27. The whole essence of this operation is surprise, and to avoid bringing enemy defences to an unnecessary degree of alertness, diversionary attacks must be carefully timed. H.Q. B.C. will be asked to arrange the maximum possible diversionary attacks 20 minutes after the leading section of the 1st wave crosses the enemy coast. No diversionary attacks should be despatched which would cross the enemy coast for a period of one hour preceding the 3rd Wave. 15 minutes after the 3rd Wave cross the enemy coast further diversionary attacks should be made at maximum strength and should continue, if possible until the 3rd wave are clear of enemy territory on the return journey. Diversionary attacks below 2,000 ft. should not be made in the area bounded by the points (51°00’N., 03°20’E), (51°20’N., 06°30’E), (51°00’N., 10°00’E.)., 52°00N., 09°00’E.). (53°20’N., 06°00’E.). H.Q. B.C. will also be asked to arrange suitable weather reconnaissance to report in particular on the visibility in the target area at least in sufficient time to recall the Lancasters before they cross the enemy coast if the weather is unsuitable.

[underlined] Armament [/underlined].

28. (a) [underlined] Bomb Load [/underlined]. – Each Lancaster is to carry one special modified store (UPKEEP).
(b) [underlined] Ammunition [/underlined]. – All guns to be loaded with 100 night tracer (G VI).

[underlined] Fuel [/underlined].

29. The Lancasters may take off at a maximum all up weight of 63,000 lbs. at +14 boost. As the modified store now weighs about 9,000 lbs. 1750 gallons of petrol can be carried.

/Navigation . . .

[page break]

– 5 –
[stamp] TOP SECRET [/stamp]

[underlined] Navigation [/underlined].

30. H.Q. B.C. are requested to arrange for the Eastern Chain, Stud 5 to be switched on at Z – 20 minutes and to remain on for the whole of the operation. This should assist in making an accurate landfall on the enemy coast at the correct time.

31. The route is to be carefully studied before flight and the outstanding features, obstructions and pinpoints noted, particularly water pinpoints. E.T.A.’s at each are to be carefully calculated and if any pinpoint is not found on E.T.A. a search is to be made before proceeding to the next pinpoint. Aircraft may climb to 500 feet shortly before reaching each pinpoint if necessary to help map reading.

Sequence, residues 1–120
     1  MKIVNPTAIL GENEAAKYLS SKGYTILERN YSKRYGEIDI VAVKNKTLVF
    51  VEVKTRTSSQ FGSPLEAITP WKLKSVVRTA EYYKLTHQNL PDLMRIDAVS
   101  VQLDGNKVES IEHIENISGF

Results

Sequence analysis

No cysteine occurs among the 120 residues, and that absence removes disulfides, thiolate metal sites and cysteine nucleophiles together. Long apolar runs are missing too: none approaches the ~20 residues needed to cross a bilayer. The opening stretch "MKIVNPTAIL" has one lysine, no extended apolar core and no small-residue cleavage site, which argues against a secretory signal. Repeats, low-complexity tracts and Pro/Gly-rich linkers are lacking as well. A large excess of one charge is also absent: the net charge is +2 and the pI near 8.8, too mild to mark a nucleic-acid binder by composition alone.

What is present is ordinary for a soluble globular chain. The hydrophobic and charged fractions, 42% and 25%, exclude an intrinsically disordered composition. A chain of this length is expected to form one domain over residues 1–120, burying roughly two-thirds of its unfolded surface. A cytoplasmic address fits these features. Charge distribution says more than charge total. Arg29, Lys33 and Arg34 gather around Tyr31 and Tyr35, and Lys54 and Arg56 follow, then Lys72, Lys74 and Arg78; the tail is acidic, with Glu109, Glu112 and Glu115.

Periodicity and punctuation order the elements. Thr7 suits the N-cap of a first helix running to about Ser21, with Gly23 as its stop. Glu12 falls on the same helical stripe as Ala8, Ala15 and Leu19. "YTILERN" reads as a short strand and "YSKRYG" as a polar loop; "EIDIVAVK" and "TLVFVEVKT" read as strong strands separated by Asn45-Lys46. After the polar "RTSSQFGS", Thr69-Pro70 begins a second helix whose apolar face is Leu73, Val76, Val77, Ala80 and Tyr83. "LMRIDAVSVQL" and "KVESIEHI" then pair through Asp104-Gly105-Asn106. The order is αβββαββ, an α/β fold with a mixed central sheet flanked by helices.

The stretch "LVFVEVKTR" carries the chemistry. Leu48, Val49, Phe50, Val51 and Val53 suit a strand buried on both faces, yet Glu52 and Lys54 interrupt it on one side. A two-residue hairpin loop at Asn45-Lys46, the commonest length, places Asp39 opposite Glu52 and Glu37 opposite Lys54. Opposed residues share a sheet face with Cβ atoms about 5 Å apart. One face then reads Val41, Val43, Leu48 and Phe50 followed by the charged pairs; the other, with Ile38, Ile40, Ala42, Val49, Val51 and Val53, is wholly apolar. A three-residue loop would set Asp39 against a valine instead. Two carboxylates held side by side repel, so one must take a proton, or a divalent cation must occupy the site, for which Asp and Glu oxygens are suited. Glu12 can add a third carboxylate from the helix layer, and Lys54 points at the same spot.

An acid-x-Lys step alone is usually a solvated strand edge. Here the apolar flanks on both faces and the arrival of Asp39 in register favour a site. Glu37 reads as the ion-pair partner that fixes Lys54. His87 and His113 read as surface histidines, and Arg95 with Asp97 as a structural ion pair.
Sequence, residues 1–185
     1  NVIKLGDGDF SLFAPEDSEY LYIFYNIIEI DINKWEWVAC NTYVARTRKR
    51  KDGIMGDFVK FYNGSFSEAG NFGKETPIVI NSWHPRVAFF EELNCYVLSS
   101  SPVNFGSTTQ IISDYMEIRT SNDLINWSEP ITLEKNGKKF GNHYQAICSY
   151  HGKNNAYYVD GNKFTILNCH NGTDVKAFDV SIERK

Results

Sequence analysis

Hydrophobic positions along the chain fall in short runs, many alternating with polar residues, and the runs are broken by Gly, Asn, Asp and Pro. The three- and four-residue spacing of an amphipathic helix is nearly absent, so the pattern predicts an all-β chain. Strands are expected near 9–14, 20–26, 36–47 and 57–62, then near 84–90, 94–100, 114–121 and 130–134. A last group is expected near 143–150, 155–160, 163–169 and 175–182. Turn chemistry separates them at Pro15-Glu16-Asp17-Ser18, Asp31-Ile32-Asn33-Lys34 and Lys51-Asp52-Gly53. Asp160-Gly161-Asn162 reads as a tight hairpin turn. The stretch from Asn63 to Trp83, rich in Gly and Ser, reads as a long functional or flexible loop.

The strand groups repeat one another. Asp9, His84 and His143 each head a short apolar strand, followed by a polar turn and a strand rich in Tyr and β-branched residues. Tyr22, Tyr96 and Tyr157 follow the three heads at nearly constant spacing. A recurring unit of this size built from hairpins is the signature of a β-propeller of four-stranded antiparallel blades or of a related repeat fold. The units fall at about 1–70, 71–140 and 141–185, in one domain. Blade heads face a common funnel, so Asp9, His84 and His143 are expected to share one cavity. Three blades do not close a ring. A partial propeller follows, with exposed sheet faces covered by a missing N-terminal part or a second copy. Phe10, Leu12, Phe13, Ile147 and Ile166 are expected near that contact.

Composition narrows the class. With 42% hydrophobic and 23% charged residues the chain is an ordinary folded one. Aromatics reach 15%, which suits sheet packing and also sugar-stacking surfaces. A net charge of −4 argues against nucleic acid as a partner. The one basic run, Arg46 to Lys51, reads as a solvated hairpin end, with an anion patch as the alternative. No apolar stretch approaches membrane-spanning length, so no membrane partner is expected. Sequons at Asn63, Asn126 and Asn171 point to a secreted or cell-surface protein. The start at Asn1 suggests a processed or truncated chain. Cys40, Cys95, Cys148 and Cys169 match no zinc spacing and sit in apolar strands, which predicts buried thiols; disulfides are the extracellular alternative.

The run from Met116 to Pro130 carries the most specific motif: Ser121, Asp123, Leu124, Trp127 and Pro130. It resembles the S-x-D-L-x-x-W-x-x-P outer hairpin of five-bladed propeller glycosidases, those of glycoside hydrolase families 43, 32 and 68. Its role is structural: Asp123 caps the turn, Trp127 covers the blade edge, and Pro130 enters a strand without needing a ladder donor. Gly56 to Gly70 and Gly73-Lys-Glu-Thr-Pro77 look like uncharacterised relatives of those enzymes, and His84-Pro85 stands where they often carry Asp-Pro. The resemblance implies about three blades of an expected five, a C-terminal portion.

32. The maximum use is to be made of the Air Position Indicators.

[underlined] Synchronisation of Watches [/underlined].

33. All watches are to be synchronised with B.B.C. time before take off on the day of the operation.

[underlined] Secrecy [/underlined].

34. Secrecy is VITAL. Knowledge of this operation is to be confined to the Station Commander, O.C. 617 Squadron and his two Flight Commanders until receipt of the EXECUTIVE signal. After crews are briefed they are to be impressed with the need for the utmost secrecy because of the possibility that the operation may be postponed should weather reconnaissance prove the weather to be unsuitable.

[underlined] Reports [/underlined].

35. Each aircraft as soon as possible after it has attacked is to report by W/T on the normal Group operational frequency in accordance with APPENDIX ‘B’.

[underlined] Special Devices [/underlined].

36. MANDREL and TINSEL are not fitted.

37. IFF is NOT to be used on the outward journey but normal procedure is to be followed on the homeward flight. Any aircraft returning early is NOT to use IFF except after Z + 30 minutes for the 1st and 2nd Waves and after Z + 3 hours for the 3rd Wave.

[underlined] Nickels [/underlined].

38. nickels are not to be dropped.

[underlined] INTERCOMMUNICATION [/UNDERLINED].

[underlined] Wireless Silence [/underlined].

39. Strict W/T and R/T silence is to be maintained until after Z + 30 minutes for the 1st and 2nd Waves and after Z + 3 hours for the 3rd Wave. Any aircraft returning early is NOT to break W/T or R/T silence and is NOT to identify on MF/DF except after Z + 30 minutes for the 1st and 2nd Waves and after Z + 3 hours for the 3rd Wave. Aircraft returning before that time are to cross the English Coast at 1,500 feet at the point of exit and proceed direct to base or the nearest suitable airfield. Otherwise normal operational signals procedure is to be used except as modified by Appendix ‘B’.

[underlined] MF/DF Section [/underlined].

40. Section D is to be used if required in accordance with Paragraph 39.

/[missing words]

[page break]

– [missing number] –
[stamp] TOP SECRET [/stamp]

[underlined] Executive Order [/underlined].